From the water’s edge

February 2015 - Wide-eyed and clueless

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Dawn found us on the bank of the local canal, bemused and befuddled by yet another totally incorrect weather forecast and as the sun rose, already struggling to make sense of what looked like it should be a productive day but which was proving to be very hard indeed.

The pictures may belie that statement, but the fact remains that in four hours we missed no bites and caught just six fish between us. Personally I tried every deadly lure and never-fail technique at my disposal, but despite having been successful in the past, today they were so utterly ineffective that I couldn’t honestly say why I caught any of my very few fish.

Last night was due to be frosty and as a whole day of sunshine yesterday had failed to thaw the ice on my pond, I was expecting the canal to be rigid. It wasn’t, there wasn’t a fragment of ice worthy of the description left on it and that could only mean one thing, meltwater, and reluctant fish.

Coming to that conclusion was probably the last thing I did today that I was sure of. Cold weather and reluctant fish = small bait fished slow, obviously. For a short while that felt like it might be the correct decision as within ten minutes of starting, the minutest flicker trapped my first fish on a new colour of Orka marmaid (Don’t). That was a good sign. An hour later I was dragging crayfish , fishing 3” shads up in the water, and dibbling 1” ones in the margins - nothing. My fingers might not have been numb, but my brain was.

It was a beautiful day, especially for Pete. He had this lovely perch of around a pound and a quarter on a 4” cray. 4”, that’s my small bait theory down the crapper. First find your fish. We knew from experience that we were on a hot area so we persevered. Half an hour later, Pete was in again. A three pound zander rolled at the net and lobbed his 4” shad up in the air. 4” !! That’s the crapper flushed on my thinking.

So why the hell if they are so reluctant to feed is Pete catching on 4” baits? The answer? He’s not any more and for the next two hours he joins me in the land of no fish. A land in which we fish every known productive area for the next mile without ever catching a glimpse of daylight at the end of this particularly frustrating tunnel. It’s as dead as a hammer.

We have one last card tucked up our sleeves, the locks. A couple of weeks back, this produced an unprecedented 4lbs zander for me, so I wasn’t exactly reluctant when he suggested it. Sometimes it’s good to just meander about enjoying the weather and slagging off the forecaster because the weather’s too nice.

It wasn’t all that more hectic at the locks either. I persevered with the crayfish and almost immediately, the line flicked and I hit a solid fish. That got my pulse racing as I could do little with it. I was excited right up until I noticed it was swimming in circles and the harder I pulled the faster it went round. A schoolie gaffed through the back. Hmmph! Not impressed. Especially as that was it, not another sniff.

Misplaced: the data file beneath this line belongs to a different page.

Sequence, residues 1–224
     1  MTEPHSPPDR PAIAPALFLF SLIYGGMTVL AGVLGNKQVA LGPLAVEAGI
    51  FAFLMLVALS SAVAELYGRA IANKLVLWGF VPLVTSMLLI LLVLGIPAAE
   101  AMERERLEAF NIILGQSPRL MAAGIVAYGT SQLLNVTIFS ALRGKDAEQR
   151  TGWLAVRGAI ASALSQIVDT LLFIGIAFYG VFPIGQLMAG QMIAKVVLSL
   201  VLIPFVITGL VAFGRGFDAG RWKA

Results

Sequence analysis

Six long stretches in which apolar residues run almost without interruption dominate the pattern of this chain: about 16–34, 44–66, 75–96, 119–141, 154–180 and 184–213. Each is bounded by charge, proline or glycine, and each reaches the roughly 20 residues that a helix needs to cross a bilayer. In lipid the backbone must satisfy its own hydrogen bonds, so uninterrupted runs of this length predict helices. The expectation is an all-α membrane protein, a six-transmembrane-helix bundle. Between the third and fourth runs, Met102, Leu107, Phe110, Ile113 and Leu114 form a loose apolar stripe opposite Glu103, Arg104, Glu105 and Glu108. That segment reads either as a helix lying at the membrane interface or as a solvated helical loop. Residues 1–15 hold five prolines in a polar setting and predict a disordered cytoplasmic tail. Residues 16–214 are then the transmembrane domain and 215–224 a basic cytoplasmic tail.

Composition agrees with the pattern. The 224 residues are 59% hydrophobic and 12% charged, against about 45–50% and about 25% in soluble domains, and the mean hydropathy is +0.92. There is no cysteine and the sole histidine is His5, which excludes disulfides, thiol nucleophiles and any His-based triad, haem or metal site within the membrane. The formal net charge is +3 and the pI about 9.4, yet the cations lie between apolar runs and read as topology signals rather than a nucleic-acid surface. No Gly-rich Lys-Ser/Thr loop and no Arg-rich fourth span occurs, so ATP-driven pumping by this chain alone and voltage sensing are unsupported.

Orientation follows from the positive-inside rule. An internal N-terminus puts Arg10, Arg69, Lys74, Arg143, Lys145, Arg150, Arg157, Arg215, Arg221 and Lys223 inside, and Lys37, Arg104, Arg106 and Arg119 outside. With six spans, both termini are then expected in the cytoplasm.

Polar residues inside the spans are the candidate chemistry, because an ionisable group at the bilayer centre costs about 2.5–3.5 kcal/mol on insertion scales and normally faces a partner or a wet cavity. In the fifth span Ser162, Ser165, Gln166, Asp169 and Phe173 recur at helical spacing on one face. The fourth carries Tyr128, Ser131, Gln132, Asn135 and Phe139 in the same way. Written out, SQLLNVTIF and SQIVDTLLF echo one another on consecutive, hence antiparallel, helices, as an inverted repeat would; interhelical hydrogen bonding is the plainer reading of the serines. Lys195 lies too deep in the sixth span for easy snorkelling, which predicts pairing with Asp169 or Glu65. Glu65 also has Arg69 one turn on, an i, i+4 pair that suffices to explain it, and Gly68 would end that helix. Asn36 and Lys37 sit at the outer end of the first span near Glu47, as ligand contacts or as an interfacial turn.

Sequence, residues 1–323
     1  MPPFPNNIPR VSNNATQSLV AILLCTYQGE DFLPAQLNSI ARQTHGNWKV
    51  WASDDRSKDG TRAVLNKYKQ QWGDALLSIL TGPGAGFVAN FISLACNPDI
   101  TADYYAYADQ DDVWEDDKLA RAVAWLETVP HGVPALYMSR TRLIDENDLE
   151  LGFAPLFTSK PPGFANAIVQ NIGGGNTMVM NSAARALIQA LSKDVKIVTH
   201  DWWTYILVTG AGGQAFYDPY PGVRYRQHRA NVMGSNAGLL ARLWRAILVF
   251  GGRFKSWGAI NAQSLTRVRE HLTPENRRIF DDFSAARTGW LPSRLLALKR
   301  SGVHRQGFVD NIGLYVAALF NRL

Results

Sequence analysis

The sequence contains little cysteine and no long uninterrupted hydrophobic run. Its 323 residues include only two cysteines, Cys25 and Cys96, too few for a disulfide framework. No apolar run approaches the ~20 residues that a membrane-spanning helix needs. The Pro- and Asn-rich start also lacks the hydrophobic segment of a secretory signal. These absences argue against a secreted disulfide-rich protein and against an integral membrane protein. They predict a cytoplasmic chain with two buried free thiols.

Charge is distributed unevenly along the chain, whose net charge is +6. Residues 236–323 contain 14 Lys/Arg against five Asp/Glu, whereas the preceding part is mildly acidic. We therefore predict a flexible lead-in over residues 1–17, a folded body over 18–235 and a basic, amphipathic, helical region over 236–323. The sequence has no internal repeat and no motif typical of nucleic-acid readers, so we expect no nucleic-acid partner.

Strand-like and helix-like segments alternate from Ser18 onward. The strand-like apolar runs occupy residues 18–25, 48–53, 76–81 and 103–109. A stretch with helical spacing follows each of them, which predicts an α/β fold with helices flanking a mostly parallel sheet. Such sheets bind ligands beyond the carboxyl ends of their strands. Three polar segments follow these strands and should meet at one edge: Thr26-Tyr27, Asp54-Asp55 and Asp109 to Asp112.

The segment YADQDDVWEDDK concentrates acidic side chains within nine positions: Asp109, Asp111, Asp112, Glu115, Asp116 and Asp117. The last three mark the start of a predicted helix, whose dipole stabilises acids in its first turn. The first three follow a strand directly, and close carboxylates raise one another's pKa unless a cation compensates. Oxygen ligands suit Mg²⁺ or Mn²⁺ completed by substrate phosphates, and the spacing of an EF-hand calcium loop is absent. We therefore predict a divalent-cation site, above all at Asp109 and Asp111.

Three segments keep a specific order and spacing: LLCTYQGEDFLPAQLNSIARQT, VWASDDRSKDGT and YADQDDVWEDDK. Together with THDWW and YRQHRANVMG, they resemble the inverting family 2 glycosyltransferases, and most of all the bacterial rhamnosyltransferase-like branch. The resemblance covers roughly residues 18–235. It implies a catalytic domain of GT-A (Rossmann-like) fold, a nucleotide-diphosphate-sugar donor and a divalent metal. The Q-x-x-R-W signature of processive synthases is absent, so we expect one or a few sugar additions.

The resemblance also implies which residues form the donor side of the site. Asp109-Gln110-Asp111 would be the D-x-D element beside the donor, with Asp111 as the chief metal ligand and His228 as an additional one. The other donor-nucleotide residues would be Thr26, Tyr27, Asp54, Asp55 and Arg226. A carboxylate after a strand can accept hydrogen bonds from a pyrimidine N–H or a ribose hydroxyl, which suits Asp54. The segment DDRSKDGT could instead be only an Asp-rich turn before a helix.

So here I am in yet another banker area catching nothing and not even raising any interest. I tried the shads, you know, up in the water, bigger than I ever believed would work and this time I was right. Maybe a small perch or two then, so back in the box, and give that new Orka a run out again.

I decided to try it on a slow sink and draw, up a foot, let it fall, up a foot , let it fall, tic. There it is, a firm strike and a good fish was on, and not whirling around on the end of the line either. It looked and felt reasonably heavy, maybe 3 to 3.5 lbs, but of course my scales were dead as the fishing had been. Hey who cares, that was definitely better. Maybe things were looking up as the morning warmed. Maybe the fishing would too. Guess what?

It’s funny how your back doesn’t hurt when you are catching fish isn’t it? Mine was killing me. Pete came up - “what did that weigh then?” I told him. “ My backs killing me ,” he said, so we set off. Food, garden centre, the last half hour of time team that’s my afternoon in a nutshell.

I love watching time team, they keep digging up old skeletons and they always remind me of somebody. I think it’s the toothy grin and the sealskinz gloves.

Halfway back there is a nice bend. It’s the exact spot where I caught my very first canal zander. On that fateful day, Alan and I stepped into the swim for the first time, cast out and in the next two or three hours had one five pounder, a couple of fours, a handful of threes and some makeweights. They all took 4 and 5” stiff rubber shads fished in exactly the way that I now fish my crays, and we couldn’t believe how good canal fishing was. That was just a first attempt, naively we dared to imagine what we might get on a good day! Back down to earth now and about ten years later I cast in a cray, got a take and landed a one pounder on the second cast, and that was my lot.

I read what I have written here and it doesn’t sound all that bad, but it was. Not so much in that we caught so few fish, but more to do with the fact that neither of us had a clue about what to do to make things better. None of the ideas we have about canal fishing made any difference, it was just plain hard and unfathomable. Every swim that produced was a one shot stop. New swim, one take, nothing else, move on.

Pete has a new hearing aid, it’s crap, I still can’t hear a word he says, but then it’s not his hearing that bothers me. I’m afraid today it was as convincing a display of the blind leading the partially sighted as you could ever wish to see.

artificial lite



journal 2015.


journal 2015.